MPESA has grown so much in the last several years that its mobile operator, Safaricom, is nearly ubiquitous in Kenya. Many mobile phone users in Kenya might not make regular calls with their Safaricom SIM card often, as they explained that it is not the cheapest carrier. Most maintain the account so they can make money transfers. Many scholars have observed the varied ways this mobile technology has been used in unanticipated ways by unanticipated clients, and has influenced social relationships of said users.
While MPESA funds are very easy to send and access for an average resident of Nairobi, the accessibility and currency conversion issues present in Juba are more complicated. Further, in Juba sending services are only offered in one place that recently opened. Accordingly, Western Union, with its historical reliability and omnipresent branches (even offered within microfinance institutions), is still popular.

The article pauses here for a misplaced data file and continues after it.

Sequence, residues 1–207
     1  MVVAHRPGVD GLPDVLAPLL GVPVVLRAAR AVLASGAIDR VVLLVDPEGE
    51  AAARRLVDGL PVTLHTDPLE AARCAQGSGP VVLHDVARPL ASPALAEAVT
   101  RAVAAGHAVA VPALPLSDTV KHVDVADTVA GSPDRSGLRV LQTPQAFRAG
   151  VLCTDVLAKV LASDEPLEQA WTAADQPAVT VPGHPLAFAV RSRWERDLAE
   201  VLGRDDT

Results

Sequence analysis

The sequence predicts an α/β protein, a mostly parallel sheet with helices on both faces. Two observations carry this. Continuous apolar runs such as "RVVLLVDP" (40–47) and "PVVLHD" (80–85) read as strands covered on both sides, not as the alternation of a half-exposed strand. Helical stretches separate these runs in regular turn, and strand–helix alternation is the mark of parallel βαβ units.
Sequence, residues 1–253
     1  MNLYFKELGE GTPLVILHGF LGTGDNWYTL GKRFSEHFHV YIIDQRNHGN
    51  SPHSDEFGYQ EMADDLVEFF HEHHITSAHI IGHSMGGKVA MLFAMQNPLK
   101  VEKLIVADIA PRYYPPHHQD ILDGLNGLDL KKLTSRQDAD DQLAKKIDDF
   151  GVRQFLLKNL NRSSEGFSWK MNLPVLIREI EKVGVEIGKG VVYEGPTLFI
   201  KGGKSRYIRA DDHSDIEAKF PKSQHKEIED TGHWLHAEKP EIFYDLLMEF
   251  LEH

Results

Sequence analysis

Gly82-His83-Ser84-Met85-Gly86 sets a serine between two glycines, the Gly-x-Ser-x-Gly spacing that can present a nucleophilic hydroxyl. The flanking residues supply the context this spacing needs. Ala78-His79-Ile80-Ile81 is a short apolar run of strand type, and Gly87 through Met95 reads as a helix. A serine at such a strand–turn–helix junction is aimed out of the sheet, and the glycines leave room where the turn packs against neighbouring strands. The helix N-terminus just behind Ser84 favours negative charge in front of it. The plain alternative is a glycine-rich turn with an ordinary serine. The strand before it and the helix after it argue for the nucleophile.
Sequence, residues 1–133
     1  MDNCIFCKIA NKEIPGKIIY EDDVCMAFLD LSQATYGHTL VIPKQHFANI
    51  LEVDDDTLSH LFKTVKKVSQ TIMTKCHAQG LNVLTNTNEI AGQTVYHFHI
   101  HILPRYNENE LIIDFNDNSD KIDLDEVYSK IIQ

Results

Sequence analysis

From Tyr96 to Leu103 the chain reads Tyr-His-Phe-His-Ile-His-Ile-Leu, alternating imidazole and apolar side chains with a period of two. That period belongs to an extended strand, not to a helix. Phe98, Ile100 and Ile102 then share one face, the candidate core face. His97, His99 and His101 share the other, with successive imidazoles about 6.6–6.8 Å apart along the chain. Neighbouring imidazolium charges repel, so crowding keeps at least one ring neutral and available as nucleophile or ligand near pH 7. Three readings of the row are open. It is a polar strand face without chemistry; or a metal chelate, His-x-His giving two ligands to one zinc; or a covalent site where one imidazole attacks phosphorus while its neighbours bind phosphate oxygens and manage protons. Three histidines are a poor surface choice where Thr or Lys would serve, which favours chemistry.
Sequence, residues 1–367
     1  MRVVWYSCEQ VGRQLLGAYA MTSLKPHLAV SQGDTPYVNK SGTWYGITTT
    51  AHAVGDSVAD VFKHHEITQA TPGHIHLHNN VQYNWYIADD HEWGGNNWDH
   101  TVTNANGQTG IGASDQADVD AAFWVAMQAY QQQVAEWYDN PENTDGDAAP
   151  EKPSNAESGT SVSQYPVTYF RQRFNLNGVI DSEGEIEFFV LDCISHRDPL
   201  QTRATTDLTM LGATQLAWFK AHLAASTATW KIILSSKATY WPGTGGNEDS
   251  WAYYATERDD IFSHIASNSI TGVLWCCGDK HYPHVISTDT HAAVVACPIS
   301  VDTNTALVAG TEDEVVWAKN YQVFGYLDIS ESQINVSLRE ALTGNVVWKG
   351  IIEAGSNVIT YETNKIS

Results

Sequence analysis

From the debate I witnessed, I learned that a Western Union user may send and receive money in same currency and the receiver can find best rate at a Forex bureau wherever they are. This is advantageous to the receiver outside Juba, whereas the insider is subject to Juba’s frustrating exchange rates. Most people agreed that in general Western Union is a better option when sending a lot of money, especially due to the fact that you must send at least $50 US Dollars or more.